The three most useless words in the world of communication are "How are you?" The person asking doesn't really want to know, and the person responding doesn't tell the truth. It's just a boring question.
So, some Harvard researchers have studied better openers for meaningful exchanges that can lead to follow-up questions, which is the key factor in successful small talks.
Here are seven tactics to having a good conversation:
1. Use the ACT trick to start a connection
Start with a question that will build up to a conversation that meets the ACT criteria:
A - There's authenticity
C - There's a connection
T - There's a topic that will give them a taste of who you are
Some of those questions might be:
"What's your current state of mind?"
"What are you looking forward to this week?"
"You remind me of a celebrity, but I can't remember which one — who's someone you relate to?"
2. Move beyond the "hourly update"
The fallback for a lot of people is like the newscast "hourly update" — traffic, sports, weather and so on.
This can work only if there is a genuine interest of yours and your boss or colleagues But try to move beyond those cliché topics to things that are more important and personal to you.
3. Be in the moment and observe your surroundings
Open your eyes before you open your mouth. Find something to focus on in your surroundings, like the piece of art on the wall, a quirky gadget or family picture on their desk, a race car helmet, scattered coins from various countries and so on. There's bound to be something that will spark small talk and help lead the conversation into unique follow-up questions.
Let's say you're talking to the CEO of a large, iconic company who is about to retire, and you noticed a row of empty boxes along the wall of the CEO's office. You might start with the question, "How hard is it for you to leave this job?" This will lead to a much deeper and more emotionally revealing discussion, and it never would've happened had you not noticed those boxes.
4. Share some news (that actually happened)
If you have "news," share it: "I adopted a pet over the weekend" or "My 6-year-old rode a bike for the first time yesterday!" Believe it or not, most people actually do want to know more about others, especially if they both work at the same company.
If you're new to a company and leading a team, for example, start your first meeting by going around the room and asking each person to say one interesting thing that recently happened in their lives. As a result of that momentary sharing, you've allowed everyone to feel more personally and genuinely connected with each other.
The objective is to be genuine and not simply make something up. Otherwise, you run the risk of not knowing how to answer follow-up questions about something you have little or no experience with.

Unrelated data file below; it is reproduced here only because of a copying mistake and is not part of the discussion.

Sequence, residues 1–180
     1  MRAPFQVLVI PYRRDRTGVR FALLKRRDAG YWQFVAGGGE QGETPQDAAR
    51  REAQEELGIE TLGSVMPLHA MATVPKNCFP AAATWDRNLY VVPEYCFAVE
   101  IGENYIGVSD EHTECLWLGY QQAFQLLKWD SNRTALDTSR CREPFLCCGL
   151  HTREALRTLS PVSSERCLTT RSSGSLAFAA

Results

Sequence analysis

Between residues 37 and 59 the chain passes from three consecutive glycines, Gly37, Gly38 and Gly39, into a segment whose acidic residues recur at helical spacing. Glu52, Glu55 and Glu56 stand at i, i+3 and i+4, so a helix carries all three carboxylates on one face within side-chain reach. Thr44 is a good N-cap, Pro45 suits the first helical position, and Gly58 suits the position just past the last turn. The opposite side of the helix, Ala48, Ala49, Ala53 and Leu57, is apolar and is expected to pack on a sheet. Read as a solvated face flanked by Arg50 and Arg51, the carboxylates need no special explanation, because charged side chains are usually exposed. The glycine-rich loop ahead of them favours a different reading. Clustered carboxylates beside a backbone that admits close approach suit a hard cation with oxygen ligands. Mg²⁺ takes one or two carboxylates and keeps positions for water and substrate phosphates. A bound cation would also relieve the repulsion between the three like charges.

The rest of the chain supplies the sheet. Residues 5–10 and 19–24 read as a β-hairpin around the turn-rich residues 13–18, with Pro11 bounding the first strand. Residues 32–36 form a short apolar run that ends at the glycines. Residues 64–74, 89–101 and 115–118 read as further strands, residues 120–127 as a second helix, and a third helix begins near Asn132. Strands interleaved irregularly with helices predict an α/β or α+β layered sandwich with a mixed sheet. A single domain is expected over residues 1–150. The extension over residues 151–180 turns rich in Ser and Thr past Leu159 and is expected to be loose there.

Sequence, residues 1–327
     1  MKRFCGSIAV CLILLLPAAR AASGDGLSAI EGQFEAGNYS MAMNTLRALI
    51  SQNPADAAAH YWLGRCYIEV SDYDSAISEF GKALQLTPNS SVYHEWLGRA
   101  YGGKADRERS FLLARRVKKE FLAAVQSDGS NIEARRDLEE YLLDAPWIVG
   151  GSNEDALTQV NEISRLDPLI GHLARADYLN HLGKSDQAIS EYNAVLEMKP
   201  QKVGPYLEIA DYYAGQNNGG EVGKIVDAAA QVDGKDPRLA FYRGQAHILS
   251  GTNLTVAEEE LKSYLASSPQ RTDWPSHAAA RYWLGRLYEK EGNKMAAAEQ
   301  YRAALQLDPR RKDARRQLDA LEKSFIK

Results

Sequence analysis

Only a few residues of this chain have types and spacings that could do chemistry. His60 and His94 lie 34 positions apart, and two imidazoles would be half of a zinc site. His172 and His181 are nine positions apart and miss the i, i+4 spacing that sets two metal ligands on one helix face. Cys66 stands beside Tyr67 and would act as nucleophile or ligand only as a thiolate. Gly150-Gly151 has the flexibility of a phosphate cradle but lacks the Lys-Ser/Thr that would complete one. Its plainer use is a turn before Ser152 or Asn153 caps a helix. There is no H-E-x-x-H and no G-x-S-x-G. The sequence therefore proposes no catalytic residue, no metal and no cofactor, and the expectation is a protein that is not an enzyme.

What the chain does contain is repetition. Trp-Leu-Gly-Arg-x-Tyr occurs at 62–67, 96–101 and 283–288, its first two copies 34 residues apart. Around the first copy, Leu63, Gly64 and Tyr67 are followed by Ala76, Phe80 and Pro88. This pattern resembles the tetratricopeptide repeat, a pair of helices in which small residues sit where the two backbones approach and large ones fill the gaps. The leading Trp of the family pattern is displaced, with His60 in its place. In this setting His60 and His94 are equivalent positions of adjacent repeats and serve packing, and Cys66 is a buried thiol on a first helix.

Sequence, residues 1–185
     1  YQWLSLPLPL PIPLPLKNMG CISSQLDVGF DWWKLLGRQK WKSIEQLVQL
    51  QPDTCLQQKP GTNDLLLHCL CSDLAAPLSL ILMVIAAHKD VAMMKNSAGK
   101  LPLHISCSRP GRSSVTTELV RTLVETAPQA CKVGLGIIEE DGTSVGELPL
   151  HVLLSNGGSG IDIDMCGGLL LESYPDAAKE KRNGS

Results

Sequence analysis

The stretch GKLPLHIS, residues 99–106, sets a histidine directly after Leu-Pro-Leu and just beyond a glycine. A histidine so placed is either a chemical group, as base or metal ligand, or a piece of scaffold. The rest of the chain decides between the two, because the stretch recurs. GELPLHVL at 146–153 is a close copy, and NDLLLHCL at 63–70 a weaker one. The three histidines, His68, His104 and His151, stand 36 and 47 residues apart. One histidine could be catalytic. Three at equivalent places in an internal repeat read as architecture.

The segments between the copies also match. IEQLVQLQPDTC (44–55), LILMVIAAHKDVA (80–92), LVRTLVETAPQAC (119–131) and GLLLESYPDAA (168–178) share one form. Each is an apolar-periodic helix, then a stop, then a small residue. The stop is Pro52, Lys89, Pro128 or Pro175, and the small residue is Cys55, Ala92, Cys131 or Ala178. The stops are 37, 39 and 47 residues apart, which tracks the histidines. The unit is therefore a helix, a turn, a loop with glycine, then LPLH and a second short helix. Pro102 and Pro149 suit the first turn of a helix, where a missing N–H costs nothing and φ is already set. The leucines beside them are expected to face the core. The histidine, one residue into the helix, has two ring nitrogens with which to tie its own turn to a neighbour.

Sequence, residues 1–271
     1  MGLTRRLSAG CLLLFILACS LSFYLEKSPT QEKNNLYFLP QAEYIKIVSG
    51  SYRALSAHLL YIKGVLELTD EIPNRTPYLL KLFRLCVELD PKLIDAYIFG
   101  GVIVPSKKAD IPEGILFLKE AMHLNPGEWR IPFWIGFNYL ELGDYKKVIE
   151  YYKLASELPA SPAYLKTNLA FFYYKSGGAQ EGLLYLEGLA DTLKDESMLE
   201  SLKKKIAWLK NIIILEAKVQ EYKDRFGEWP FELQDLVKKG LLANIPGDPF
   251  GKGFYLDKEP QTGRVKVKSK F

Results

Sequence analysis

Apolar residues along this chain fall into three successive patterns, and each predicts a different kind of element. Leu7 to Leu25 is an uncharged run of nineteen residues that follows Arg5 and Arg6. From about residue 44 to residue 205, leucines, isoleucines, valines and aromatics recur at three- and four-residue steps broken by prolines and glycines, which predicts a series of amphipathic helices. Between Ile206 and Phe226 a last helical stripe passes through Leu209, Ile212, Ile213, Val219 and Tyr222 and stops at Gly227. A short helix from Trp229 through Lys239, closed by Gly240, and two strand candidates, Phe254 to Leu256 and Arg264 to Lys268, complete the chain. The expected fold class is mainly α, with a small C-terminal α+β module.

5. Talk early
Whether you're meeting in person or dialling in for a conference call, talk early.
If you wait, two things will probably happen: One, someone else will make the comment you wanted to make and, two, your more talkative colleagues will take over with their own follow-up questions. You'll get lost in the cross-talk and miss your chance.
6. It's not just what you say
No matter what or how much you say, your tone of voice, facial expression and eye contact will broadcast so much more.
In-person, look at the other person when you speak, not at the conference table or the wall. On the phone, smile — it will make your voice sound warmer. It's not just what you say, but how you say it, that will help others connect with you.
7. Make the pivot
This is where small talk goes to the next level, as you segue from talking about something small to the issue at hand.
If the conversation is already flowing, it will be easier than you think and ask follow-up questions. Your boss could be the one to make the first step, "So, tell me what's going on with [X]." Thanks to the small talk, you'll already be in sync. You can then pivot to a more meaningful discussion that showcases your knowledge, contribution and confidence.
For introverts, small talk can be painful. But if you say nothing in those moments before a meeting starts or when you and your boss are in the elevator, you run the risk of becoming invisible.
It's natural to defer to authority. You are who you are, and no one is expecting a soliloquy out of you. But when you make an effort to speak up, others will listen and connect with you.